Hiring a Web Designer | What to Know

December 23, 2015
Scott Van Zandt

When it comes to finding and hiring a trustworthy designer, developer, marketing consultant or team the task alone can feel... overwhelming. Let's break it down and take a strategic look at hiring a web designer or agency.

When it comes to finding and hiring a trustworthy designer, developer, or marketing consultant the task alone can feel... overwhelming.

Too many of them are horrible at communicating, or simply get so caught up in the process of designing they forget about what their clients actually care about, a data-driven return on investment.

So after being asked “why isn’t your website responsive” or “do you sell products online” a million times, you finally decided to pull the trigger. You’re investing in a redesign of your current website or a entirely new website. You are even looking into forms of digital marketing, SEO, content marketing, and perhaps PPC.

So… What’s the first step? How do you face the somewhat daunting task of overhauling your website and/or marketing strategy?

You’ve already quickly discovered that you don’t want to take this on yourself, you’re no web designer or SEO expert, and you definitely don’t want to go the wysiwyg web builder route. “Most people feel the same... 54% of small businesses outsource website and graphic design, according to the WASP Barcode 2016 State of Small Business Report.”

Now you’re probably thinking through some obvious questions and concerns, such as: What should my budget be? How do I know which consultant or agency to trust? How long is it suppose to take?

First and foremost let’s start with your Project Scope, the #1 thing you should figure out. (In other words, what are your objectives and goals? If your project is complex, do you have a technical spec? What do you need?)

  • When it comes to Digital Marketing and SEO part of figuring out your Project Scope may involve consulting a freelancer to help you perform a SEO &  website audit in order to reveal opportunities and set realistic goals to obtain a certain result.
  • When it comes to app development, PHP bespoke websites (what Facebook is built with) , or any large undertaking you may need to hire a freelancer to help you organize and write a technical spec in order to properly estimate the time that will go into creating your platform, app, or product.
  • For your typical 5-6 page website your project scope can be fairly simple and with the right strategy you can communicate your ideas easily to your consultant.

In either case the more defined your Project Scope is, the easier it’ll be to define a budget.  It’s also critical for choosing which person or team to hire. For instance, if you’re an online Shopify store and you want to go about raising your conversion rate, you wouldn’t want to hire someone who is advertising themselves as just a web designer. You would want someone who understands marketing and data as well as web design, perhaps even a Shopify ecommerce specialist.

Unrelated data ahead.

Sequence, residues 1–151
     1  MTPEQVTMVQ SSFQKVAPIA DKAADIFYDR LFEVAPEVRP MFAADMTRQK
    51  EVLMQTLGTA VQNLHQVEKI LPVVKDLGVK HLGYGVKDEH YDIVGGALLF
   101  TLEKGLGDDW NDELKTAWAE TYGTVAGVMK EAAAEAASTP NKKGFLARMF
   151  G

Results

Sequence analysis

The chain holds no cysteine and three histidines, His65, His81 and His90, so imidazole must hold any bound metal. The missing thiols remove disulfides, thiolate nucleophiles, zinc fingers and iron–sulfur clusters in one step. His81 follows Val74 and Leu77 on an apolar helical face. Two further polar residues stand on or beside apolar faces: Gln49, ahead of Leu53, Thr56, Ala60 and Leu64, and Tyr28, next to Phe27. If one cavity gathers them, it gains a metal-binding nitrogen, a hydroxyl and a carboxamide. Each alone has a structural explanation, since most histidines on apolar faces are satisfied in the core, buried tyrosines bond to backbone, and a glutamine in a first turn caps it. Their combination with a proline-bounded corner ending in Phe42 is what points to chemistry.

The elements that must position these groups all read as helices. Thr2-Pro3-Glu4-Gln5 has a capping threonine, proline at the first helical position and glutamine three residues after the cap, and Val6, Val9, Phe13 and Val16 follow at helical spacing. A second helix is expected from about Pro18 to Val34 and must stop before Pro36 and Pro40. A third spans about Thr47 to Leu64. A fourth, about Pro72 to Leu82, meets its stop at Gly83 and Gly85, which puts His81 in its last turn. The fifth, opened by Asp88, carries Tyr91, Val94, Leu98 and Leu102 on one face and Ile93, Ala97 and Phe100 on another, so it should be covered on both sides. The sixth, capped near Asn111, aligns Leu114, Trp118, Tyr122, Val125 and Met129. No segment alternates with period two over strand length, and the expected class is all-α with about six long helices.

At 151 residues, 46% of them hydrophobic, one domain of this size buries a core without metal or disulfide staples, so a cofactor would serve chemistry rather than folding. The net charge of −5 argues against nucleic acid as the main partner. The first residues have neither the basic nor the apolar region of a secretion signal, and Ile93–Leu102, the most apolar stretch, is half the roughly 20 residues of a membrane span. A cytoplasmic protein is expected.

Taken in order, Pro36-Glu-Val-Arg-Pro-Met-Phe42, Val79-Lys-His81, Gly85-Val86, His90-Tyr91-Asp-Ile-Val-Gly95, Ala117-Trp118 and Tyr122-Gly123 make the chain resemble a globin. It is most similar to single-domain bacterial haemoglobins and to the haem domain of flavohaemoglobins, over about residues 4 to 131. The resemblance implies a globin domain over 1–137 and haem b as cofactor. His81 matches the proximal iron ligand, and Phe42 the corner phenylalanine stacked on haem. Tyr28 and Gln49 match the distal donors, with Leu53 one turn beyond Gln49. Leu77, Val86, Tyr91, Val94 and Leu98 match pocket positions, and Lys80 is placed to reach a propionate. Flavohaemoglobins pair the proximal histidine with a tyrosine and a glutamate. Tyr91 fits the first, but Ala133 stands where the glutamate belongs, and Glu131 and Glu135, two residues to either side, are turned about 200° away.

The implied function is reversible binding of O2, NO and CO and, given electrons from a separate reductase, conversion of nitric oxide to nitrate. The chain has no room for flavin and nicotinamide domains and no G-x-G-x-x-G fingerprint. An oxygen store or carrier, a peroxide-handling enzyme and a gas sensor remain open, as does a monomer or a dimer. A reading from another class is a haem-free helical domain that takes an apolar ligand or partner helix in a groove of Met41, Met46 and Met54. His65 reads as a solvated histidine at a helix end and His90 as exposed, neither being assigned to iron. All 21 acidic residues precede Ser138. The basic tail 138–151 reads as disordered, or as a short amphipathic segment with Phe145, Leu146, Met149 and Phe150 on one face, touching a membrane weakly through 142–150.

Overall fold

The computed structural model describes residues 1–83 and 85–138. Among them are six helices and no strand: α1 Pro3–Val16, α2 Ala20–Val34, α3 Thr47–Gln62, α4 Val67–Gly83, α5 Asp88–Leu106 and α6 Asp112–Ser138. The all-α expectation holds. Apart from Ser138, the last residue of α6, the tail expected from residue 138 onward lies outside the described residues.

As part of your project scope for building your new website you’re going to want to build out a rough site map and organize your content. You’ll also need to decide if you’d want to write your own website copy or if you’d like to have your consultant help you.

Next focus on what types of pages you will want your website to include:  blog, forum, a savings Calculator, a plane old contact page, etc…)  this will help your web designer or consultant identify all of the moving pieces within your scope and more accurately quote your project.

Let’s say you are a small Ecommerce website selling bracelets. Your online store might only be 5 pages. Which may work great for you!

  • Homepage
  • About Us
  • Contact Us
  • Bracelets (20 product Shop)
  • Blog
  • Content Management System Integration
  • (Add / Edit Content & Products)

It’s definitely on the lighter side of most ecommerce sites, but as a start-up with a limited budget, it’s a great first step.

Or perhaps you’ve already gone and built a basic site like that, but it’s simply not converting or driving any traffic. Maybe it’s even outdated or not responsive on mobile devices. So, you think it’s time to redesign it, add some pages, work on the SEO and come up with a plan to make it successful.

Whatever your situation is, take a step back and jot down all of your ideas. Define what you want your site to be and where you need your marketing efforts to improve. Write it all down.

Sleep on it. Tweak it. Repeat.

Share your thoughts with as many of your employees as you can and get feedback.

Perhaps get some feedback from customers by using a tool like HotJar.com and figure out what they think of your website.

Take all of your combined ideas and organize your thoughts. I would recommend using a tool similar to Wunderlist.com (A List Building/Task Organizing Tool) but a simple Google Doc will do.

Build out a detail oriented list of to do’s and ideas you need to include in your project. Be as specific as possible.

Do some competitor research.

Use some of your time to research competitor websites in your industry and build a list. What do your competitor websites look like? Do you see something that stands out to you? What element(s) of their site makes it effective? If you keep track of all this information in an organized manner, you’ll be able to jump start the design process when you begin working with a web designer or digital marketing consultant and even save some money on your project.